Introduction to GIS

GEO150 Modeling Our World: Introduction to GIS

Our flagship GIS class at Smith.

From the course catalog:

Same as ENV 150. A geographic information system (GIS) manages location-based (spatial) information and provides the tools to display and analyze it. GIS provides the capabilities to link databases and maps and to overlay, query, and visualize those databases in order to analyze and solve problems in many diverse fields. This course provides an introduction to the fundamental elements of GIS and connects course activities to GIS applications in landscape architecture, urban and regional planning, archeology, flood management, sociology, coastal studies, environmental health, oceanography, economics, disaster management, cultural anthropology, and art history. Enrollment limited to 20.

 


Fall 2013 Class
12 Students

This semester, the GIS content (tools, techniques, and skills for working with ArcMap, ArcCatalog, and ArcToolbox) of Smith’s Intro GIS course is nearly identical to previous semesters. However, much of the data has changed to be local! Students are asking the same spatial questions as before, but they are turning their GIS lens to Smith College, Northampton, and Massachusetts instead of unknown geographies.  In addition, students took the Trimble Junos outside and completed a GPS data collection activity, which had previously not been part of the curriculum.

Fall 2013 Topics:

  • Getting to know ArcGIS, ArcCatalog, and ArcToolbox
  • Coordinate systems, datums, and projections
  • Spatial Data: raster vs. vector, georeferencing, digitizing features, collecting GPS data
  • Symbology and map layouts
  • Working with tables, joining, and downloading & using census data
  • Geodatabases and editing features
  • Spatial analysis techniques using vector data
  • Spatial analysis techniques using raster data

Fall 2012 Class
13 Students

 

 

 

 


 

Spring 2011 Topics

• What Is GIS?
• Getting Acquainted with ArcMap
• Getting Acquainted with ArcCatalog and ArcToolbox
• Presentation: Coordinate systems, datums and map projections
• Reading: Figure of the Earth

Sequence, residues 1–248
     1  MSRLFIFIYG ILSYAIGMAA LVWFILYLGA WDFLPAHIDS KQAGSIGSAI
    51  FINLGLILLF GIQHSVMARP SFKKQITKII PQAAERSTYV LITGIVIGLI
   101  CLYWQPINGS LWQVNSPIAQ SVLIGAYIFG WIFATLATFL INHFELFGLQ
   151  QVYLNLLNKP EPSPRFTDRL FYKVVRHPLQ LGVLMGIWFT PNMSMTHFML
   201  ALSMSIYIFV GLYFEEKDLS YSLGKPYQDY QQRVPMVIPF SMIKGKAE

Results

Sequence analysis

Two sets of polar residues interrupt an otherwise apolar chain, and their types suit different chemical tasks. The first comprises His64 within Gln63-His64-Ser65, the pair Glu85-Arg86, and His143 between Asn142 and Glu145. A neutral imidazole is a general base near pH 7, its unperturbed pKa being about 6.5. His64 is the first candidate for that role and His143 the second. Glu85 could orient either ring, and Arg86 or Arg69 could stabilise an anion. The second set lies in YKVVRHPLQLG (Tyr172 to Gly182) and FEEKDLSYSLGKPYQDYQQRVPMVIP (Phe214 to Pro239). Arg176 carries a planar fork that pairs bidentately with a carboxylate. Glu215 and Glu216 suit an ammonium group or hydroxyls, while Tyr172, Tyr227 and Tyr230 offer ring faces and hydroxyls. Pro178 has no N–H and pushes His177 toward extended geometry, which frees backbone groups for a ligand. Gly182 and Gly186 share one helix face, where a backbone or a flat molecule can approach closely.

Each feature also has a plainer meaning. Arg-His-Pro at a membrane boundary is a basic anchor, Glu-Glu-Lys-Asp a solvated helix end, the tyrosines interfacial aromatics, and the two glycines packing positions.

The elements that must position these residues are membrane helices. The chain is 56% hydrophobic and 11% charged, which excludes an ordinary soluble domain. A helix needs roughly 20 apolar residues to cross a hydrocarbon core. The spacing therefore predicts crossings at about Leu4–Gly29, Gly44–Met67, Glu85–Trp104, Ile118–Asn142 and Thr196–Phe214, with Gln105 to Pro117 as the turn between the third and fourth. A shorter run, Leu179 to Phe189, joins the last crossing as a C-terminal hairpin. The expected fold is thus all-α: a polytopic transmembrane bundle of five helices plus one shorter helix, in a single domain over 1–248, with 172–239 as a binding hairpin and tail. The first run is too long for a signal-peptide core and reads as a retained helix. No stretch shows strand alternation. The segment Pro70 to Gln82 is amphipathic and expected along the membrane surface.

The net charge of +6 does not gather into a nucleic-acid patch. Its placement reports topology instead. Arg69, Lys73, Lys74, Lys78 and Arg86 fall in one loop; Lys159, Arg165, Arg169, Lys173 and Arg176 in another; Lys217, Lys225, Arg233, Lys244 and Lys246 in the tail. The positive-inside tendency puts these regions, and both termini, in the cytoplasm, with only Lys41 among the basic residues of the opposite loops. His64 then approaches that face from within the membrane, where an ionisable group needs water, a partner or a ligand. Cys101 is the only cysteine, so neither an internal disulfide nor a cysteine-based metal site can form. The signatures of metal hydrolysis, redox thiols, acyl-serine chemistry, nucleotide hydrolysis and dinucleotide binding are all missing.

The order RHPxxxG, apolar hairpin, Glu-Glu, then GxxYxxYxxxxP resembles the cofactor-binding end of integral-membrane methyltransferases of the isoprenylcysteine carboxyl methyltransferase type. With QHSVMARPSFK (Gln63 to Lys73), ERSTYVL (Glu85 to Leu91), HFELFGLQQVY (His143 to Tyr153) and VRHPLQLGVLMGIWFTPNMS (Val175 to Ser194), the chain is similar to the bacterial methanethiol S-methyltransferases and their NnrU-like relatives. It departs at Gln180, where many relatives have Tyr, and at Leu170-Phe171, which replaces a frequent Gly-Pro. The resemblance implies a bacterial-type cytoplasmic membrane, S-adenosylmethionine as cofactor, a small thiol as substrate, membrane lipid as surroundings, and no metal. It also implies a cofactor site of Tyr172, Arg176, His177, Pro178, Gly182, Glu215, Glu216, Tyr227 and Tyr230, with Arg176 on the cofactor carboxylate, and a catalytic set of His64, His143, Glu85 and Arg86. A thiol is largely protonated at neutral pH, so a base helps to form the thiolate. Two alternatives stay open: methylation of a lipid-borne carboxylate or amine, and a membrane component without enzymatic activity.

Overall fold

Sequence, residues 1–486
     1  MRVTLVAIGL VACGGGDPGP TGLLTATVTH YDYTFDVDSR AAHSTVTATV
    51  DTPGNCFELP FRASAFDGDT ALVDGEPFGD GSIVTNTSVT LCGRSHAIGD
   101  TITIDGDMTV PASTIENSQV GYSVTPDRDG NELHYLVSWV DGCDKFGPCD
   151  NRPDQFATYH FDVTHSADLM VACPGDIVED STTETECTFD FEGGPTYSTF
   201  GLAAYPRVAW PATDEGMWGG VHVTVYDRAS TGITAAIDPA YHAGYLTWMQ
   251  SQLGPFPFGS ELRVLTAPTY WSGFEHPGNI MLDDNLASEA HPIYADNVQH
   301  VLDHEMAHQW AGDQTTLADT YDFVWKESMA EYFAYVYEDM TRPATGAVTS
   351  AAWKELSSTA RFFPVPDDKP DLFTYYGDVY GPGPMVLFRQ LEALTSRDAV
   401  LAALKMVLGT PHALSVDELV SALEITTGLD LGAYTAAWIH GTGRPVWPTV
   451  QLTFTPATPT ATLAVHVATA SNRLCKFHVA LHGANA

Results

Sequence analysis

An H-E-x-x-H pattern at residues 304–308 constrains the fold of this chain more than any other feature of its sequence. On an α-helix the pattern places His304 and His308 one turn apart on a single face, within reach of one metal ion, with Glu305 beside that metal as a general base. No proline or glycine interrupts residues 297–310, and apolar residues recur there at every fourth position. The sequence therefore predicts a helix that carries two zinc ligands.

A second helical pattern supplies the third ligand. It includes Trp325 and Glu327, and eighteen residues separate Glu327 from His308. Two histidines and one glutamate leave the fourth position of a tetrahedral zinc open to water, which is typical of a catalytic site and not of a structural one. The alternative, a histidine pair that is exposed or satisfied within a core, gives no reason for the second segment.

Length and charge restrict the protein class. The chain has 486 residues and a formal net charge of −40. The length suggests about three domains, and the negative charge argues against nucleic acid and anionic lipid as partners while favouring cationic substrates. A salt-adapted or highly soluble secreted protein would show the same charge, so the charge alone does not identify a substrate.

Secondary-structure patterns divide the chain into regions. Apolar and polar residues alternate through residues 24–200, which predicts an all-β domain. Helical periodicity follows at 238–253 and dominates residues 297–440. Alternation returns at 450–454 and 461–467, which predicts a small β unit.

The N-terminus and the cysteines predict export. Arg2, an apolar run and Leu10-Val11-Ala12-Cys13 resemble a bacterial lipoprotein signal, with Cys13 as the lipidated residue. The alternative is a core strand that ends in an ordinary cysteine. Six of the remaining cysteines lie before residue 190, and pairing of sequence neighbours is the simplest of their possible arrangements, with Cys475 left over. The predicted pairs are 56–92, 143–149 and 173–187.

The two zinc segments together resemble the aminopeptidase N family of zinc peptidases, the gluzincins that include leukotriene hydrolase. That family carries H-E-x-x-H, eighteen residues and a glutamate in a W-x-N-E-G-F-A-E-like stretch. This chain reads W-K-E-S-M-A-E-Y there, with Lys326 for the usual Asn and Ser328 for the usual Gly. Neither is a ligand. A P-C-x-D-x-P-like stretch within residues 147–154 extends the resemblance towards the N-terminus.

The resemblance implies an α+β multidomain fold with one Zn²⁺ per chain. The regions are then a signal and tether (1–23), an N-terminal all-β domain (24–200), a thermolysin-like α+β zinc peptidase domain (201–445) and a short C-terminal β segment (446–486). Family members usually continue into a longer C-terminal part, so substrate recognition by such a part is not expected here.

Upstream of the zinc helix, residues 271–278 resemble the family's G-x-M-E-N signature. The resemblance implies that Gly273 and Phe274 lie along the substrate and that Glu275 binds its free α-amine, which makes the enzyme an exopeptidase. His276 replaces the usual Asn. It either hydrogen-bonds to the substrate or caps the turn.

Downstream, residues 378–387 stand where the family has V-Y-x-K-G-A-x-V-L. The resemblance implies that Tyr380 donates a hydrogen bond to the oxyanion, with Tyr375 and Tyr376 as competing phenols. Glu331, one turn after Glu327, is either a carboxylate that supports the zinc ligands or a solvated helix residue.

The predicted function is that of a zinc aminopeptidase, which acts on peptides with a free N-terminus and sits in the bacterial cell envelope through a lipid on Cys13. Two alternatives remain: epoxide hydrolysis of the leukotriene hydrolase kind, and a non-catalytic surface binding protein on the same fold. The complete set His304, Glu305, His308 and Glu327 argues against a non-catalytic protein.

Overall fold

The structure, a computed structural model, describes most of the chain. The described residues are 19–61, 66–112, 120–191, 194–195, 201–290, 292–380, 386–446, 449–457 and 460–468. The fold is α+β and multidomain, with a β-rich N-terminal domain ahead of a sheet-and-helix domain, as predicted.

• Exercise: Coordinate Systems, Datums and Map Projections I
• Exercise: Coordinate Systems, Datums and Map Projections II

• Presentation: Nature of spatial data
• Exercise: Working with Vector and Raster Data
• Exercise: Acquiring Spatial Data

• Presentation: Symbolization
• Exercise: Creating Symbology
• Exercise: Working with Map Layouts
• ArcMap Cartographic Tools

• Presentation: Cartographic principles

• Presentation: Working with Tables and Census Data
• Summary File 3
• Exercise: Working with Tables
• Exercise: Working with the U.S. Census I

• Project Documentsfile
• Exercise: Working with the U.S. Census II

• Presentation: Basic spatial analysis
• Exercise: Analyzing Features I
• Exercise: Analyzing Features II

• Presentation: Raster Analysis
• Exercise: Raster Analysis I

• Reading Assignment: Harvard project examplesfile
• Assignment: Raster analysis II
• Advanced Analysis
• Spatial Statistics Primer
• Crime Analysis

Final Projects 11 April – 1 May



A Sampling of the 2007 Final Maps from GEO150

Note: click on one map to launch image viewer and then use arrow keys to cycle through the set.  Higher resolution images available on request.


A Sampling of the 2009 Final Maps from GEO150

Note: click on one map to launch image viewer and then use arrow keys to cycle through the set.  Higher resolution images available on request.

 

Watch Sea Level Rise 2.2 Meters in NYC!
map and data by Jeannette Quinn, AC ’09  (opens in new window)

 


A Sampling of the 2011 Final Maps from GEO150


 

 

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